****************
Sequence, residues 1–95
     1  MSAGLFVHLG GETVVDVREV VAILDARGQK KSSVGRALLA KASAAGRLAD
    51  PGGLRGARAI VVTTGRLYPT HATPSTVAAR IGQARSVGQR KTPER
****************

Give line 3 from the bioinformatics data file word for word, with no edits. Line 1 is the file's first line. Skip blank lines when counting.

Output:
    51  PGGLRGARAI VVTTGRLYPT HATPSTVAAR IGQARSVGQR KTPER